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A Turkish lawmaker with the ruling party claimed the women were slain in a dispute between factions of the Kurdistan Workers’ Party. The group, known as the PKK, is considered a terrorist organization by Turkey and its allies, including the U.S. and the European Union.

IRELAND

Poll: Most Irish favor wider abortion access

DUBLIN — Most people in Ireland want lawmakers to give women wider access to abortion, a poll revealed Thursday as senior clerics testified before a parliamentary committee investigating Ireland’s ban on the practice.

Prime Minister Enda Kenny’s government has pledged to legalize abortion for women whose lives are deemed in danger from a pregnancy, including those who threaten to commit suicide if denied an abortion.

Opponents of abortion argue that the suicide-threat rule would be open to deceit and permit increasingly broad access to abortion in this predominantly Catholic country.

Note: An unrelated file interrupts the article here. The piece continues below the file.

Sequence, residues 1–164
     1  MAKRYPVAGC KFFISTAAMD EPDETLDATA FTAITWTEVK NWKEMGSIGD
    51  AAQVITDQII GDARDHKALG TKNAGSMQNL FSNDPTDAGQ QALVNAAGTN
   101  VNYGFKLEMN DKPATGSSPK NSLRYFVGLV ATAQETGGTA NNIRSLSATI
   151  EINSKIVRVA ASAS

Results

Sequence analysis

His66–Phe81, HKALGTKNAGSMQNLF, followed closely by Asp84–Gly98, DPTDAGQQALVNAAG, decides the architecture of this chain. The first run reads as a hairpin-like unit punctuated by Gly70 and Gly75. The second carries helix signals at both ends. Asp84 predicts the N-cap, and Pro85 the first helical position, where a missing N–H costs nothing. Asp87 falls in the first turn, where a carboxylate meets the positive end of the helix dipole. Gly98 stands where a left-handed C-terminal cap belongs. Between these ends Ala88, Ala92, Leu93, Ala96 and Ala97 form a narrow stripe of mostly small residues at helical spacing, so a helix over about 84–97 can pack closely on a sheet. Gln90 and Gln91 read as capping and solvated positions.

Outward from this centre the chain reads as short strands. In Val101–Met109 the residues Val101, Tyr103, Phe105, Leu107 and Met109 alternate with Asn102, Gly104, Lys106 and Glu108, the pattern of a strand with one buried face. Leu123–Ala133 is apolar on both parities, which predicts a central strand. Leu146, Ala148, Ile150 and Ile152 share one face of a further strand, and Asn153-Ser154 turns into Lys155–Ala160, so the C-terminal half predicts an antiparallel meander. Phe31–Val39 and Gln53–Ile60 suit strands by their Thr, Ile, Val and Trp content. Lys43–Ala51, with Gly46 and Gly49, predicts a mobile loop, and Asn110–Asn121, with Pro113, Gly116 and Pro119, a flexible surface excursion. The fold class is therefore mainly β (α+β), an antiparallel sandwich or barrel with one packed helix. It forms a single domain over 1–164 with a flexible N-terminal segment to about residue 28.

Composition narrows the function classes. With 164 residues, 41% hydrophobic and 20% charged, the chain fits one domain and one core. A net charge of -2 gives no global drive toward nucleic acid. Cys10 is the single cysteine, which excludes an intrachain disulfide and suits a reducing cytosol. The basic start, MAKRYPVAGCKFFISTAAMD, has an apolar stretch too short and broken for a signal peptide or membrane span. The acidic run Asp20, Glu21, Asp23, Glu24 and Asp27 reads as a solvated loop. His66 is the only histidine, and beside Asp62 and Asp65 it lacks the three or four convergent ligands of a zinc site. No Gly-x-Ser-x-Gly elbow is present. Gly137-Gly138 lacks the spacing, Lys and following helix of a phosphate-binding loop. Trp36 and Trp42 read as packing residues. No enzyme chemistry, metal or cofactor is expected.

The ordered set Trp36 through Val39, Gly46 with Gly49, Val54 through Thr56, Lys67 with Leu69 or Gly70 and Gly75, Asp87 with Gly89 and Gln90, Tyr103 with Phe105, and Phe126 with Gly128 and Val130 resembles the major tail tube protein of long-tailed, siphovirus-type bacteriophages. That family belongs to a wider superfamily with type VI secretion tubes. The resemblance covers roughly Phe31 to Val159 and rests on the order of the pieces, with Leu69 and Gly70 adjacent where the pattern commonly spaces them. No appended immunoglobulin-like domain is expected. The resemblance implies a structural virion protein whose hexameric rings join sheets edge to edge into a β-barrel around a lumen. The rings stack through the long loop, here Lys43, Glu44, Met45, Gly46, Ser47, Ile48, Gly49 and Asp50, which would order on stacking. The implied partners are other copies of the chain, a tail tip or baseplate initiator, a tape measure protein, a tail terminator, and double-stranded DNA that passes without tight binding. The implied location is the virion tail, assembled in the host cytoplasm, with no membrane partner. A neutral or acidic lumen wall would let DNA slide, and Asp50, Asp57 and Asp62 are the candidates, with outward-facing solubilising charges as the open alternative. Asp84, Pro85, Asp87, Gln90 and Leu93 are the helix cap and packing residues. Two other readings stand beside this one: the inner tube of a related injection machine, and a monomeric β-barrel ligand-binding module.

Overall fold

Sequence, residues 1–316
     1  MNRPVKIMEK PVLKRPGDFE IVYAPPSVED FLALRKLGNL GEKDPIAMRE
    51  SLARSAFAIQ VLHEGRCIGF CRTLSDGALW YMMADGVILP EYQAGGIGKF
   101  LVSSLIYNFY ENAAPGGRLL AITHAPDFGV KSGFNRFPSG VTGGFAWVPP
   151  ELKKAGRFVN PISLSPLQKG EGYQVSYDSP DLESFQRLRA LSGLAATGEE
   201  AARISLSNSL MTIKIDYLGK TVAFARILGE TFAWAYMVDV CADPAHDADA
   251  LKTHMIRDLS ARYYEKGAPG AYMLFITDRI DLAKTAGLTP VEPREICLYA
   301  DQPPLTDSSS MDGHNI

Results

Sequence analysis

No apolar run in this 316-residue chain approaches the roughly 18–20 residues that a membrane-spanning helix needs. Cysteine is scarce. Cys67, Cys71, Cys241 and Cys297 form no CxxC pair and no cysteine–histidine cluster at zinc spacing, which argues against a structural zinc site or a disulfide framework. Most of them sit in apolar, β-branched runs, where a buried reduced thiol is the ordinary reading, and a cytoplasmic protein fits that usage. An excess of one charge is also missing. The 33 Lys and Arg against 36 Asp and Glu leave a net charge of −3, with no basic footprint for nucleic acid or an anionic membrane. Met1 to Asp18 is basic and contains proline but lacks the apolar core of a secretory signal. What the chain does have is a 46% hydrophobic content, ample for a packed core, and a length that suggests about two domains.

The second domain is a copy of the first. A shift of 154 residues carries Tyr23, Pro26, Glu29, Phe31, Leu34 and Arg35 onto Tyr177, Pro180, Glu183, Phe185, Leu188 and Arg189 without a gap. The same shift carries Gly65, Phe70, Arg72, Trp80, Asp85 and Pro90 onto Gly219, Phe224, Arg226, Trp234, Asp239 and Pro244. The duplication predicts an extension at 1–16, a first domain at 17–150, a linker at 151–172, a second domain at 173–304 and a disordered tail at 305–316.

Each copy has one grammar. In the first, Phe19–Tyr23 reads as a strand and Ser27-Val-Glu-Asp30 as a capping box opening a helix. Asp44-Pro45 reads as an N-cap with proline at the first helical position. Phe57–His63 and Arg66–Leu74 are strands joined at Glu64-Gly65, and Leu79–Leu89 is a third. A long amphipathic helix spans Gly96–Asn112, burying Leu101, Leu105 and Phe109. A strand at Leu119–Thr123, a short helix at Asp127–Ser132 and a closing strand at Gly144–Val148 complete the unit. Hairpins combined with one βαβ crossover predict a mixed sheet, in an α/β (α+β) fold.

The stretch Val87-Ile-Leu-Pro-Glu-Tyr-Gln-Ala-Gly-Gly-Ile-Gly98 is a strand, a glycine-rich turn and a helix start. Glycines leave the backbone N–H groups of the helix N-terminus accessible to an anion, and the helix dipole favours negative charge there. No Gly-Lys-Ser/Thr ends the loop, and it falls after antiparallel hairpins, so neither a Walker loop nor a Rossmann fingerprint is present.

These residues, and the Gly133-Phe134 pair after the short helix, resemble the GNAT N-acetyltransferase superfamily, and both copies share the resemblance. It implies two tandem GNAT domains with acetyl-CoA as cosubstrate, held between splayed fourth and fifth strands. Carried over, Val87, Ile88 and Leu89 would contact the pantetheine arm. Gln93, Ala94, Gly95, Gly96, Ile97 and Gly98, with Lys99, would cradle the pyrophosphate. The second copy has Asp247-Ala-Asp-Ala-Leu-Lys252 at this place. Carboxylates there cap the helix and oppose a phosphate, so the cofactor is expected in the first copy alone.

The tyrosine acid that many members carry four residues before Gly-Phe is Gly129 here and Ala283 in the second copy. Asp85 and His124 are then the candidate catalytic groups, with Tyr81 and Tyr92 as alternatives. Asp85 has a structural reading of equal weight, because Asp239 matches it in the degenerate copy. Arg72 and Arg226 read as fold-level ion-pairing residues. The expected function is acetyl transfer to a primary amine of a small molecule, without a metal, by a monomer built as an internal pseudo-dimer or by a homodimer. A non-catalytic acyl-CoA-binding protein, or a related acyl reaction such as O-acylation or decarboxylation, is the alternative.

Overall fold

The move has been delayed in Ireland for two decades despite a 1992 Supreme Court ruling that the policy should be Irish law.

The poll found that 35 percent of those interviewed support the government plan to propose a law to legalize abortions for life-threatening cases, including suicidal women. About 29 percent said they want the government to go farther and legalize abortion on demand, the law in neighboring Britain since 1967.

The survey of 1,002 adults across Ireland, conducted this week by pollsters RedC for the Irish bookmaker Paddy Power, had an error margin of 3 percentage points.

MALI

President asks France to help fight Islamists

UNITED NATIONS — Mali’s president has asked France for military help to fight off an offensive by Islamists tied to al Qaeda, and Paris will announce Friday what action it will take, diplomats said Thursday.

Alarm over an advance by Islamist forces was raised after a U.N. Security Council meeting that called for the “rapid” deployment of an African-led intervention force to help Mali authorities.

France could take military action even sooner as the Islamists move out of their stronghold in northern Mali and seize new towns on the road to the capital, Bamako, diplomats said.

Mali’s interim president, Dioncounda Traore, has requested “military assistance” from French President Francois Hollande, a U.N. diplomat told Agence France-Presse on the condition of anonymity.

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